The lowdown on ladders

  •  Stuck on top

Few things are quite as irritating as dropping a needed screw or tool from the top of a ladder. One way to put an end to such mishaps is to glue a magnetic strip to the top rung of your ladder. It will safely hold onto all your fasteners and small tools until you need them. When it comes to larger tools, secure a canvas tool bag to the ladder to keep them in.

  •  Off on the right foot

A scrap of thick carpet wrapped around the bottom rung of a ladder makes a handy mat for wiping the soles of your shoes before you ascend. It will also let you know that you have reached the bottom when climbing down. Secure the carpet scrap with gaffer tape and replace with a fresh piece when needed.

  •  Don't leave your mark

Cushion the tops of a ladder's rails with an old pair of socks, gloves or a couple of bunched up old T-shirts to prevent it from leaving marks or scratches on interior walls while you are working.

  •  Boot up a ladder

Set the feet of a ladder in a pair of old gumboots (Wellington boots) to give it a skid-free footing on smooth surfaces.

Clamping and sanding

  •  Clamps from the car

If you have an old set of jump leads just lying around collecting dust, cut off the battery clips and use them in your workshop. They make excellent spring clamps and can accommodate objects up to 40mm thick.

You could also use a car hose clamp (Jubilee clip) to secure a cracked wooden leg or spindle while you re-glue it. Just be sure to put a piece of cloth between the clamp and the wood so that you don't risk gouging the surface.

  •  Pour on the pressure

It’s almost impossible to clamp irregularly shaped items and fragile objects when gluing them back together, but there’s an easy way to provide adequate pressure. Fill a small plastic bag with sand to weigh down repairs on small, fragile items so it shapes itself to the item being glued, without undue pressure.

  •  True grit

To extend the life of sanding belts and get the most use out of each sheet of sandpaper, back them with strips of gaffer tape. The tape will prevent the paper from tearing and take some of the stress off the belts. Write down the grit size of the paper and the direction of the belt on the tape using a permanent marker.

  • Resizing sandpaper

Many sanding jobs require the use of sandpaper in odd shapes or sizes. Here are a few household items you can use to get the job done:

  1.  Pencils and pencil erasers

  2.  Section of garden hose

  3.  A wood block secured to a sponge mop holder (for walls and ceilings)

Sealants and adhesives

  •  Cold weather sealing

When you need to do some sealing on a crisp, cool day keep your sealant pliable and running smoothly by wrapping the tubes in a heating pad (like those sold for pain relief) for 30-45 minutes before using them. Trap the heat by wrapping each tube in plastic wrap before inserting it into the sealant gun.

  •  Clean fingers

 Don't use your finger to shape a bead of silicone sealant around a bath or basin (unless you don't mind wearing it for a while). Instead, use a lollipop stick or the back of an old plastic teaspoon; both have smooth, rounded edges and are easy to hold, so you can avoid getting silicone on your skin.

  •  Improve your aim

It can be hard to manoeuvre a sealant gun in a tight spot or to properly seal a crevice that’s out of reach, but an effective extension tool may be as near as the kitchen drawer: a plastic drinking straw. Push the straw (or any plastic tube of the right size) into the nozzle of the sealant tube. Keep your impromptu extender from slipping off by securing it with gaffer tape.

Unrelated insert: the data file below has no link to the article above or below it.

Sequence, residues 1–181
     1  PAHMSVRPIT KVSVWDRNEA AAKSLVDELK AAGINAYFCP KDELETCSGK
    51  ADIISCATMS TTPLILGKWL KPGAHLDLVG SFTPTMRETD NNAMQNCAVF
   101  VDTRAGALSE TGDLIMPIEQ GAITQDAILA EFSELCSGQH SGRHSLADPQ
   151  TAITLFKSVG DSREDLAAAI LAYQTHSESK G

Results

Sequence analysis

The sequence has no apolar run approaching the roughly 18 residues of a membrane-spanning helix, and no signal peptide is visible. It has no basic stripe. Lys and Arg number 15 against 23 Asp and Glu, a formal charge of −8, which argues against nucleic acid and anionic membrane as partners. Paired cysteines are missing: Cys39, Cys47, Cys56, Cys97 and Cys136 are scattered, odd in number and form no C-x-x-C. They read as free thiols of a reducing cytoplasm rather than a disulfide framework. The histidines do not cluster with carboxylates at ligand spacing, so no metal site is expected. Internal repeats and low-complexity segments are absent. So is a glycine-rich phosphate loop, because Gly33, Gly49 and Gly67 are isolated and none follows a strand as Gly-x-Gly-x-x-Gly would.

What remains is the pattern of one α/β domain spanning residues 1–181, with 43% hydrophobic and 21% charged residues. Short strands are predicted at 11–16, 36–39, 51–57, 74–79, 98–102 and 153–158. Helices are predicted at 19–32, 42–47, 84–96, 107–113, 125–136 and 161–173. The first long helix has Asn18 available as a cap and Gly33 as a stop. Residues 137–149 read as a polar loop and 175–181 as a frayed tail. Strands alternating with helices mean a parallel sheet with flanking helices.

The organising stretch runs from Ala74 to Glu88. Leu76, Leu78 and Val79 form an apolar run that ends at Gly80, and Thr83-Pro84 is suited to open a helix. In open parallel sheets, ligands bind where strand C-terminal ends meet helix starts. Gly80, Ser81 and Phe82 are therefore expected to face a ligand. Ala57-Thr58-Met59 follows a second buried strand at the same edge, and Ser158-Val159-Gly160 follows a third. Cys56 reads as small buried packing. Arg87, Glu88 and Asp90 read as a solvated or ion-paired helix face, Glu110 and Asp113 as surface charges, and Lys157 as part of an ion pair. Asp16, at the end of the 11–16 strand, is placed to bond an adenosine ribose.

•  Mix it up

Old jam jar lids are ideal for mixing two-part epoxy adhesive. The raised edge keeps the adhesive from spreading out as you're mixing it, and the limited interior space prevents you from using too much.

  •  In the bag

If you are looking for an easy way to mix and apply two-part epoxy adhesive there’s a solution in the pantry. Take a plastic sandwich bag and squeeze as much adhesive as you need into a corner section. Tie off the rest of the bag and mix the epoxy by rolling it between your fingers (You'll notice the adhesive gets warm as it is mixed.) Use a pin to put one or more small holes in the bag and gently squeeze the epoxy adhesive out.

  •  Unglue the glue

You shouldn’t have to fight to get adhesive out of a bottle or tube. Dab a little petroleum jelly on the inside of the lid or on the tip of the tube before replacing the cap. It will prevent the glue from sticking to the cover, and you will have one less frustration to face.

Top tips for tools

  •  Sharpen blades with a matchbox

You can restore the cutting edge to a dull blade on a small craft or utility knife by rubbing it a few times on the striking surface of a box of matches or, if one is handy, an emery board. Be sure to sharpen both sides of the cutting edge.

  •  Be carpet scrap happy

As handy as they are for repairing tears and burns in matching carpeting, carpet remnants may actually be even more useful around the workshop. You can do the following:

  1.  Glue them to the inside of your toolbox to cushion tools in transit.

  2.  Tack them to the tops of workbench surfaces to prevent scratching furniture finishes.

  3.  Staple several remnants inside a narrow cupboard to form cushioned cradles for drills and other power tools.

  4.  Staple remnants (one at a time) to a small block of wood to make a reusable contact-adhesive applicator, where a thin even coating is required.

  •  Hands-on handles

You'll get a firmer (and more comfortable) grip on hammers, spanners, screwdrivers and other tools if you wrap the handles with adhesive tape or flat foam draught-proofing strip. Hard tools will become soft to the touch.

  •  Save your fingers